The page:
1. The Education Gradebook

Former Indiana superintendent is Florida's new education commissioner

Published Dec. 13, 2012

TAMPA — A man who brought Florida-style education initiatives to Indiana will take over as Florida's education chief.

Tony Bennett, who lost his bid for a second term as Indiana superintendent of public instruction, on Wednesday won a unanimous appointment as Florida's next education commissioner.

"I want to create a culture where every member of the community sees teachers as creators of knowledge," he said.

Addressing a statewide panel of superintendents and teachers at Tampa's Roland Park K-8 Magnet School, he described himself as a small-government administrator who believes in setting parameters and then letting districts run their own schools.

"Our job is to get you to yes," he said, promising to visit the districts frequently. "If the department (of education) is getting in your way, we want to know."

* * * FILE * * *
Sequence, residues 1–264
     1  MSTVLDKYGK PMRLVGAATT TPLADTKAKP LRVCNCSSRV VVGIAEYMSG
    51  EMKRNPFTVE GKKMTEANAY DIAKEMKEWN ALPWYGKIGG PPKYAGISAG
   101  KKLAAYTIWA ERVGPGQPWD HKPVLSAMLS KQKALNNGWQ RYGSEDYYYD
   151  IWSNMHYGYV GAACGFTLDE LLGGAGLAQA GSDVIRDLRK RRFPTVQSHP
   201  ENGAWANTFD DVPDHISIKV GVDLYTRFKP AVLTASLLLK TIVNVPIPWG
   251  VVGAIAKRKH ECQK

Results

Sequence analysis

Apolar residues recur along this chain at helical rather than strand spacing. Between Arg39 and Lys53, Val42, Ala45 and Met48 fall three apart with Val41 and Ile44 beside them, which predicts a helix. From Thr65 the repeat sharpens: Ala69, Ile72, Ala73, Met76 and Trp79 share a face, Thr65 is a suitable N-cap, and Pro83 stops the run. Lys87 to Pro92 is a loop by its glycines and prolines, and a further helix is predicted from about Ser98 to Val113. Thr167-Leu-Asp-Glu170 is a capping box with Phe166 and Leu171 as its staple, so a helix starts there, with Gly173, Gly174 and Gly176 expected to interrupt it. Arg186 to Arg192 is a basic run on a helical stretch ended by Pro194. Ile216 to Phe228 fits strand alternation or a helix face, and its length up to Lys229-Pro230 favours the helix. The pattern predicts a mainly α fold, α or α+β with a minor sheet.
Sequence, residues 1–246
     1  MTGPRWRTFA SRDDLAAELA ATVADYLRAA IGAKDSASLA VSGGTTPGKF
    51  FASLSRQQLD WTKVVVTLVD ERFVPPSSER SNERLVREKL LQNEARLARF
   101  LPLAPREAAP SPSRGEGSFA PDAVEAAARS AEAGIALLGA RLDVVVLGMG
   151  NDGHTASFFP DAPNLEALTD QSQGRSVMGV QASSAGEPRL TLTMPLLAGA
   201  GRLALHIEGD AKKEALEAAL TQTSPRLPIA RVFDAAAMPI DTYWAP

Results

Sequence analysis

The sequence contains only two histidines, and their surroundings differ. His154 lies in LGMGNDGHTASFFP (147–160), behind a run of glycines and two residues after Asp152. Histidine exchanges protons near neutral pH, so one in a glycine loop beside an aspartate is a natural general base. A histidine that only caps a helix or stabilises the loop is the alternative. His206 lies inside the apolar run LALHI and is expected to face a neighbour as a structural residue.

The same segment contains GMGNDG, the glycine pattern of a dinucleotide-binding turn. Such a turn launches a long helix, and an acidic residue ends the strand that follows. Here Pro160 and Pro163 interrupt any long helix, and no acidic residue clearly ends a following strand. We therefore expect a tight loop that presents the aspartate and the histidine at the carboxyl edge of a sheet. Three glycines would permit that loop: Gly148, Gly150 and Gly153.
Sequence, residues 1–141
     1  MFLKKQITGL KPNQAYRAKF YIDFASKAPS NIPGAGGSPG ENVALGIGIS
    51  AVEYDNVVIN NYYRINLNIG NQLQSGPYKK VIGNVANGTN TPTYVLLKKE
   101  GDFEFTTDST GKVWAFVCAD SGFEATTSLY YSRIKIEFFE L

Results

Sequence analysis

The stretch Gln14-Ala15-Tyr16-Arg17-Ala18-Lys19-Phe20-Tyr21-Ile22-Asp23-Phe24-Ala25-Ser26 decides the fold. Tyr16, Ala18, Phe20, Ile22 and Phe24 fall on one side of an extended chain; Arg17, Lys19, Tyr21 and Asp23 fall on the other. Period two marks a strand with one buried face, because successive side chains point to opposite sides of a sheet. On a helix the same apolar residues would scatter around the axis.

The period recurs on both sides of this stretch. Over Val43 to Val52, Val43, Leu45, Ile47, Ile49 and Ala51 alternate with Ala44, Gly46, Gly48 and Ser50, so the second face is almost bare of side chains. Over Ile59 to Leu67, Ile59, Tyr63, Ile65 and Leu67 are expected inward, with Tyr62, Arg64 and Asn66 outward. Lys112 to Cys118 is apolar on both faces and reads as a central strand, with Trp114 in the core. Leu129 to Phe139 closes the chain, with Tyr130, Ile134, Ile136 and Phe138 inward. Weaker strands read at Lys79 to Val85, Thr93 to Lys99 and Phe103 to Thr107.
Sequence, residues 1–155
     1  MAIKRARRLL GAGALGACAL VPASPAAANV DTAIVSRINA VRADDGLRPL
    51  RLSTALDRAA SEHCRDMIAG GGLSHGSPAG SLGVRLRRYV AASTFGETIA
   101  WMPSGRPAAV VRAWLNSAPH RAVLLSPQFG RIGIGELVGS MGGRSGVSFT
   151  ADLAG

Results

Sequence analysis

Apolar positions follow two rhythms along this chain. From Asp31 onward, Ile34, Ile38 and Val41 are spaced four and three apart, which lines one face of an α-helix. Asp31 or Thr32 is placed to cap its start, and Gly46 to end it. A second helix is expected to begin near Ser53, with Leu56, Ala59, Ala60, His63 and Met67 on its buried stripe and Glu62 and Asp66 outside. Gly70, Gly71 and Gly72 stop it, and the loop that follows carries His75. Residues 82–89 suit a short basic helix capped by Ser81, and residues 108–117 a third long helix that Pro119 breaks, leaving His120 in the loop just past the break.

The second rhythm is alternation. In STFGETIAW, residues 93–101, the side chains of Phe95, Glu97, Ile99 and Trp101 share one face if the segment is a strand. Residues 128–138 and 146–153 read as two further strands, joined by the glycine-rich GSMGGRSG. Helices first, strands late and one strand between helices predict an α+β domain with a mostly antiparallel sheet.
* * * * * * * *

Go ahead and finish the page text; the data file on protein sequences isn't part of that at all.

The chairman of Jeb Bush's Chiefs for Change organization, Bennett, 52, said just about the only job he could enjoy more than the Indiana post would be in Florida. "This state is so vitally important to the national education conversation," he said.

The job he faces is a big one, with Florida changing its testing model and moving to a more challenging curriculum standard, Common Core. The state is also making a transition to digital learning and progressing with new teacher evaluations.

Gov. Rick Scott, who appeared with Bennett at Roland Park, said his top priorities will be tying education to job creation and improving the teacher evaluation system.